Update 2/21/18 - Unfortunately, Rawdon passed away.
Brain Tumor Survivor: Rawdon A.
Last Updated: 6/19/16
Hi, I am Jan, Rawdon's wife, and this is his amazing story.
In February of 1994, Rawd experienced a grand mal seizure at work. An MRI revealed some sort of "mass" in his head. He waited 6 weeks and the mass did not shrink and may have even increased in size so the Dr. recommended surgery. In April of 1994, Rawd had an oligo II the size of lemon removed from his left frontal lobe. He recovered quickly from surgery and endured 6 weeks of radiation therapy. Amazingly, he experienced no deficits from the radiation therapy. He was very, very tired and sluggish. But, Rawd worked as a financial forecaster while he went through the radiation treatments.
We had six great years before the tumor grew back. Rawd was going for annual MRIs when a spot appeared in May of 2000. Rawd had another surgery that resulted in the same pathology of oligo II. Yeah! Following the surgery, Rawd did a year of PCV chemo.. He tolerated the chemo well and continued to work as a youth pastor during this time.
We lived another three deficit free years before another spot appeared on an MRI. Time for surgery number three in November 2003. The pathology was still oligo II. Yeah, again! Rawd chose to take part in a clinical trial for a brachytherapy delivery method called glia-site. This involved having a balloon shaped catheter placed in the cavity where his tumor had been. Rawd stayed in the hospital for five days while a radioactive isotope was injected into, and left inside, the balloon reservoir of the catheter. The theory behind this treatment is to radiate any cancer cells that remained in the lining of the tumor bed. Again, he tolerated this treatment well and came home without any deficits.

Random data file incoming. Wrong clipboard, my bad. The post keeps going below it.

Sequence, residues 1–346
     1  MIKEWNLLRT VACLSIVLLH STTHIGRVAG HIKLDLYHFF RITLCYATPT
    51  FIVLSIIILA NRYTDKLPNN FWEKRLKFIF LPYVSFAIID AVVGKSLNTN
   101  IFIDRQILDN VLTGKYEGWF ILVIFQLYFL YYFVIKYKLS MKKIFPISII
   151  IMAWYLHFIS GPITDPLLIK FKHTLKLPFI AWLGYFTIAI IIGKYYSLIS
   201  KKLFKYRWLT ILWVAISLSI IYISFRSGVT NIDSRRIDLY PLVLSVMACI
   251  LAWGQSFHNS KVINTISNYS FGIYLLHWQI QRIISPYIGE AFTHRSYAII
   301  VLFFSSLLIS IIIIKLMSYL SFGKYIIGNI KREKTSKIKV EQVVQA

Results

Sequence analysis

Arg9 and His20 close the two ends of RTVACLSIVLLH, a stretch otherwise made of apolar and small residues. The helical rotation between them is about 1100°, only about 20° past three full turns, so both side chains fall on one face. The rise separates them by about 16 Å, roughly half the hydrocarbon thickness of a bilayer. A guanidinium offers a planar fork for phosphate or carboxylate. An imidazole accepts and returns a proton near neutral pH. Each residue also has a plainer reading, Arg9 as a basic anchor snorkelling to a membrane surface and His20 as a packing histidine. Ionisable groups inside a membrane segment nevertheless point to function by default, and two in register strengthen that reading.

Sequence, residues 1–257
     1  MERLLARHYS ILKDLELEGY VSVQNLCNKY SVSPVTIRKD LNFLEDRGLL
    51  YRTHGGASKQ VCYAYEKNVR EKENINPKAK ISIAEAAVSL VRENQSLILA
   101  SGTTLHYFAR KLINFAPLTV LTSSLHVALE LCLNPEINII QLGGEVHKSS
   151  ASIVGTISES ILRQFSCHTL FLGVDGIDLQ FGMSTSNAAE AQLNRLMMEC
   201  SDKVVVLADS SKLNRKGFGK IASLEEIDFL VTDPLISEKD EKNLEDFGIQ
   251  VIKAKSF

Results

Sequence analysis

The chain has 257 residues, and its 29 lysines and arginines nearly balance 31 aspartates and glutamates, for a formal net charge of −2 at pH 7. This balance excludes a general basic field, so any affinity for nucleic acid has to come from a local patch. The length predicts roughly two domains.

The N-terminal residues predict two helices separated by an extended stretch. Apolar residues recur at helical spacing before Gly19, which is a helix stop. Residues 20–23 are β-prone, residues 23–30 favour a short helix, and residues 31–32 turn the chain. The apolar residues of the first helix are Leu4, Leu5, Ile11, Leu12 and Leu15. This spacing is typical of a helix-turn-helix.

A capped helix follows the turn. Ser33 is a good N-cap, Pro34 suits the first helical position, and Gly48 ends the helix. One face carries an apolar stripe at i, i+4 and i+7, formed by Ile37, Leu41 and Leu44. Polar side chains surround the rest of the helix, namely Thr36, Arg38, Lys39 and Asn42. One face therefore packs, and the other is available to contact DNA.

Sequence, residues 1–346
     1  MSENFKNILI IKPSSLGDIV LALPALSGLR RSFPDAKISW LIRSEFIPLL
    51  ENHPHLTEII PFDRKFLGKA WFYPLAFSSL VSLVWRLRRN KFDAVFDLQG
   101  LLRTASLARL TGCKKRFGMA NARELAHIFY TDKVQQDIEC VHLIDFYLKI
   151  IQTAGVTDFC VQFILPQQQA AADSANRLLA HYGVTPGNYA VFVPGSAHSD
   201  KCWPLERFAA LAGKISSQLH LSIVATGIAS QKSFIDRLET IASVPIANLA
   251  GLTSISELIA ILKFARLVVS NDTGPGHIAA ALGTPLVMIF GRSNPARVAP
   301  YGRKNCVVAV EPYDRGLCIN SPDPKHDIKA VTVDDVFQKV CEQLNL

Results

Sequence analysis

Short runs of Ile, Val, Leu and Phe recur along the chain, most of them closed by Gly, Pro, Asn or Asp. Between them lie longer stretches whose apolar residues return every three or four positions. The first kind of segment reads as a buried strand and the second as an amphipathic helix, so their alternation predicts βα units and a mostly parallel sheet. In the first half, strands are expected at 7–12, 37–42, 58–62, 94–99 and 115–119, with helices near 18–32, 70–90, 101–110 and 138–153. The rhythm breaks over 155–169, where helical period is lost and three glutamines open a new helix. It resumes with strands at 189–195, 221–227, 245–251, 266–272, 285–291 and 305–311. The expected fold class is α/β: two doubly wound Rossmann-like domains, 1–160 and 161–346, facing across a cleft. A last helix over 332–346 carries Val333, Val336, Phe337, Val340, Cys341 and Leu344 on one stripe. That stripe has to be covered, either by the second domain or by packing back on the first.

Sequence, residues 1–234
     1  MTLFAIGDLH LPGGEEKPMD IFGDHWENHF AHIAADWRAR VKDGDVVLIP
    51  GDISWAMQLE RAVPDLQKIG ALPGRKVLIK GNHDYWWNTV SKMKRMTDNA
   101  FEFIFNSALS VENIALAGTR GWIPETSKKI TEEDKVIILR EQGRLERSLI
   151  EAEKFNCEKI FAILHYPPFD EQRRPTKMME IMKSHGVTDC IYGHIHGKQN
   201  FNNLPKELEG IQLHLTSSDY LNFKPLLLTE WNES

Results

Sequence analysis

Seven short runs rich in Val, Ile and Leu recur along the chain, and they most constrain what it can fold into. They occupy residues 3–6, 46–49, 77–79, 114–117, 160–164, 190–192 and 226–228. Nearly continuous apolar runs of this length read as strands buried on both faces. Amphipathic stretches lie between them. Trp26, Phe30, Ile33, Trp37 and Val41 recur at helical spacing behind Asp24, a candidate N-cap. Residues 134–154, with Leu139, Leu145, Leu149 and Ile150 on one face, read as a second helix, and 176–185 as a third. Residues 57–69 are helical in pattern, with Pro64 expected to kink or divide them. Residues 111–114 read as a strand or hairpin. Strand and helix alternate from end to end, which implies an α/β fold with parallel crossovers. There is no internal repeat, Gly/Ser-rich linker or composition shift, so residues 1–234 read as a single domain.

However, in April of 2004, Rawd experienced some severe brain tissue death. The doctors think it was from adding more radiation to cells that had been previously damaged by external radiation done in 1994. That was a very rough year. Rawd went through occupational therapy to relearn how to use the right side of his body. He also went through speech therapy. On the bright side, he had recovered enough by October 2004 to cut our newborn son's umbilical cord! :-)
As of July 2012, Rawd remains tumor free. WHOOP! He continues to heal from his brain injury. He ran and walked half marathons in 2009 and 2010. He is training for the Tough Mudder in 2013. He volunteers at the science center and at church. And, he helps a ton with our two school age kids.
Rawd lives an extraordinary life that is full of courage, peace and laughter. I wish each of you the same peace and joy in living with the challenges that brain tumors bring.